In order to describe in detail the activities of the research specialist, two reference volumes of statistical techniques and a dictionary of multivariate methods would be necessary. So we won't go into any detailed descriptions.

A study is initiated a couple of different ways. An account executive may come to the research department and present a question to the individual responsible for that particular account, and a meeting between the client, the account executive, and the research account executive takes place to outline the project. A representative from the client's research department may call his or her research counterpart at the agency to initiate a study or get advice on a study being conducted by the client's research staff. The research account executive may sense a need to evaluate an advertisement or product image and initiate a meeting with the account executive, the client representative, or both. When the agency is planning on "pitching a new account" and needs some evidence to show that they can do for the client what no other agency can, the research department may be called upon to project what kind of results their advertising would produce (based on a number of assumptions, of course). Whatever the means, the result is the same ... a research study starts rolling.

When the project is outlined, the research specialist wears the hat of a project manager. The same functions take place. A proposal is developed detailing the method, form the results should take, time frame, and cost. The project is executed including enlisting subcontractors if necessary, conducting focus groups if necessary, constantly examining incoming data, "putting out fires," and staying within budget and time constraints. The results are collected, refined, cross-tabulated, and analyzed, and a presentation is made to explain the results and answer any questions about how they were obtained. If necessary, a report is written detailing the findings.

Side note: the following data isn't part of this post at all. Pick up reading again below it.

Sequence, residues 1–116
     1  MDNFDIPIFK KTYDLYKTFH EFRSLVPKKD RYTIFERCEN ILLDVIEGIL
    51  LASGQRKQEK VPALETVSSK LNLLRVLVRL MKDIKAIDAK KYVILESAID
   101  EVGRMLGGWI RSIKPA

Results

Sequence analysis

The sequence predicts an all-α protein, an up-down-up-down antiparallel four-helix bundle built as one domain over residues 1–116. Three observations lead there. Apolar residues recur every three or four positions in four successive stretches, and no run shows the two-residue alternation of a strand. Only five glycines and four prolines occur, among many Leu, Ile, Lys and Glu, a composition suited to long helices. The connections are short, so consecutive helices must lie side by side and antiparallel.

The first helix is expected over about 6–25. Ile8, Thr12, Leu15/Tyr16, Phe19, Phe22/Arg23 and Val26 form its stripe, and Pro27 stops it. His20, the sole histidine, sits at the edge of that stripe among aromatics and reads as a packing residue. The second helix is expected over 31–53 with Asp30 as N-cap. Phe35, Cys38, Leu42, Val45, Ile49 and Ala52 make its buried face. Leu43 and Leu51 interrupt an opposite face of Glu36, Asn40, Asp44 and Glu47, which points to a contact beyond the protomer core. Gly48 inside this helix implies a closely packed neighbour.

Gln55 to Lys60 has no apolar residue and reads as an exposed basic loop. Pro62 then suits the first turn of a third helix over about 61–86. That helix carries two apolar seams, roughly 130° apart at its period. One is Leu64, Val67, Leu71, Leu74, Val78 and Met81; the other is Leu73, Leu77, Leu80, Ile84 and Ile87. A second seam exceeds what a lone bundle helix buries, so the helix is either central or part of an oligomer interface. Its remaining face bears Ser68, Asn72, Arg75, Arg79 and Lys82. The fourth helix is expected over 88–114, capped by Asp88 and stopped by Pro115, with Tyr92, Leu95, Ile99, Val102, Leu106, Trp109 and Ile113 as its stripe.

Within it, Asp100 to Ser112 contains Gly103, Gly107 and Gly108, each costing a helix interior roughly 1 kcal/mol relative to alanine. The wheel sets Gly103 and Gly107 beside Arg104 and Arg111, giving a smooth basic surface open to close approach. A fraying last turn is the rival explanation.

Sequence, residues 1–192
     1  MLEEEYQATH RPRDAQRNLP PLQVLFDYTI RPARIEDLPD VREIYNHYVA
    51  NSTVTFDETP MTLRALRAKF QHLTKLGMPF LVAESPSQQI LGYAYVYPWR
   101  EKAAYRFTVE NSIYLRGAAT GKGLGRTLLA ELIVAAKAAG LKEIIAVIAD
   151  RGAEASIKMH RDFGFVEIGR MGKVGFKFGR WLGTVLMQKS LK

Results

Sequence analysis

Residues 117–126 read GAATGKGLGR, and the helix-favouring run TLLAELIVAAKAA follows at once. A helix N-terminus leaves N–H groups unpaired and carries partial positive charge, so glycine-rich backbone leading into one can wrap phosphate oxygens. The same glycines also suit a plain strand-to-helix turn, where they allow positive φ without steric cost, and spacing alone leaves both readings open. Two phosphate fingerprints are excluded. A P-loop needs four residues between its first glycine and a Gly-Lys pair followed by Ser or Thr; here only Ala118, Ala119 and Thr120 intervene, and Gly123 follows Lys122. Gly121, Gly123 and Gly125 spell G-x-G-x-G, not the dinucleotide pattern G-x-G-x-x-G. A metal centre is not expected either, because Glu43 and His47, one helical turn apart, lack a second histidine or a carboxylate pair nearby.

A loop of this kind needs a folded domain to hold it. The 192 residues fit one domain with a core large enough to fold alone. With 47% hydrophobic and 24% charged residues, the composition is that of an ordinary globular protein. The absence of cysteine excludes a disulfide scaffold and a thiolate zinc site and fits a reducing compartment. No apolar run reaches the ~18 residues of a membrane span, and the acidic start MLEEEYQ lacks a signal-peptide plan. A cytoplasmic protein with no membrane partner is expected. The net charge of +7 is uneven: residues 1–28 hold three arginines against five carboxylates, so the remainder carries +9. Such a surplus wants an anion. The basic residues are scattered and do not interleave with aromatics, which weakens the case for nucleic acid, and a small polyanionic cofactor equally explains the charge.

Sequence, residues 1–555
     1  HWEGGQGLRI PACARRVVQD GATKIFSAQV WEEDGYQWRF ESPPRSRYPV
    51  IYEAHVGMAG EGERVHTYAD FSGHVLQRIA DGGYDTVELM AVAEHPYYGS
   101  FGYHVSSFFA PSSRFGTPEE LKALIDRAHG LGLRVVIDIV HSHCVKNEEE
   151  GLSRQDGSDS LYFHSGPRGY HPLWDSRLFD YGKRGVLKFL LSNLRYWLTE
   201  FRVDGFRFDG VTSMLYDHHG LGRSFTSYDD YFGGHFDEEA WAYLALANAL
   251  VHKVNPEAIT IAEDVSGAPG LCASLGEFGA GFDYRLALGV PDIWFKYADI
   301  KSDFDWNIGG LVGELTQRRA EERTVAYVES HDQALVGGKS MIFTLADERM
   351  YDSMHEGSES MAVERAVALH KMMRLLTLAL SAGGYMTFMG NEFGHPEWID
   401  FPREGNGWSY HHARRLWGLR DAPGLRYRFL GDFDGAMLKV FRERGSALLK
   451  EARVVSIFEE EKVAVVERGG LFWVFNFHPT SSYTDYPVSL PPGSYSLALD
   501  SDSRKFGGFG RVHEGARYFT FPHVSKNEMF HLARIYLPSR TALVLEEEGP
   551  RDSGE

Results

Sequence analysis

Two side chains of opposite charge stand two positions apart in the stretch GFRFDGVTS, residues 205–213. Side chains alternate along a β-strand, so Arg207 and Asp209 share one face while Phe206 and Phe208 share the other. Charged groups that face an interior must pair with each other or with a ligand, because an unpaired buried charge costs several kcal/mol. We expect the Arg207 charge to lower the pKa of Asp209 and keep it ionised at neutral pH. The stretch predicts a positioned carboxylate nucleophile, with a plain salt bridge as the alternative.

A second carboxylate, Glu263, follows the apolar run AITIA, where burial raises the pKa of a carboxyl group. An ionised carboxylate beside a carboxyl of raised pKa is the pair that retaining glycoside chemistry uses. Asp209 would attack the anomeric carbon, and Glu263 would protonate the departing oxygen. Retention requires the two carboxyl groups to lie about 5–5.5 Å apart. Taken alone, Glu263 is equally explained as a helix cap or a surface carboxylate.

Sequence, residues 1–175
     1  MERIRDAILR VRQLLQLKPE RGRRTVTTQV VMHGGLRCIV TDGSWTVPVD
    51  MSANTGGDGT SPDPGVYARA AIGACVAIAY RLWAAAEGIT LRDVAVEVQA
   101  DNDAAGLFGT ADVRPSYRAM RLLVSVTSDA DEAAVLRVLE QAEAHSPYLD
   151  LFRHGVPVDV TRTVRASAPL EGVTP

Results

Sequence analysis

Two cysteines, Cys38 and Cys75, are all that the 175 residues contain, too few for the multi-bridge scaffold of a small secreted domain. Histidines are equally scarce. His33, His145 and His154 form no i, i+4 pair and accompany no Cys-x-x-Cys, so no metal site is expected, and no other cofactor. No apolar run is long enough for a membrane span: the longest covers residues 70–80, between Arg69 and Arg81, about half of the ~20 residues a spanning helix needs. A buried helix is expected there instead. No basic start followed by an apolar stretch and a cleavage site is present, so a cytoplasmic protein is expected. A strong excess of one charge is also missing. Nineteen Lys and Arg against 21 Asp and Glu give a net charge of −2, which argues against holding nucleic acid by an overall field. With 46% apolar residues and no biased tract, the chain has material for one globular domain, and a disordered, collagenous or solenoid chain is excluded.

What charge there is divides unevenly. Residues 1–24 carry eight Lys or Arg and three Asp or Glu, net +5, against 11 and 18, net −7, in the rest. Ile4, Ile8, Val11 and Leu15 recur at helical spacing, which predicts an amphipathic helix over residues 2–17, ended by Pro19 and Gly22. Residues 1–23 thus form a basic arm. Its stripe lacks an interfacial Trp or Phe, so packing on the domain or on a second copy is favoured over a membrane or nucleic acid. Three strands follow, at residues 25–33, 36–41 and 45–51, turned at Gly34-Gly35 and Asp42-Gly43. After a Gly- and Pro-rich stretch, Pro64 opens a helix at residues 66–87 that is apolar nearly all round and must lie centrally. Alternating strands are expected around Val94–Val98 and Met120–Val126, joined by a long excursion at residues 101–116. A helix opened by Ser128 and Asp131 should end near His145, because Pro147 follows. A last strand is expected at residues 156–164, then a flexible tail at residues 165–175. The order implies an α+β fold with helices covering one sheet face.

A big difference between a supplier project manager and an advertising agency research specialist is that while the supplier usually has an analytical department to conduct complex computer analyses and take care of all the complicated statistical processes, the advertising agency specialist often fulfills these functions. Another thing to keep in mind when comparing suppliers and advertising agencies, is that the agencies are concerned with the communication aspect of the product and the attributes perceived by consumers as a result of advertising messages. They may act as consultants for product development studies conducted by the client, but will rarely participate in the execution of this kind of project.

Although the requirements are tough, there are good reasons for preparing oneself for a career in advertising agency research, not the least of which is a considerable salary. The people are all first-rate, the pace fast, and the projects widely varied. If you've got the determination, there may be a desk-top nameplate for you in an advertising agency somewhere.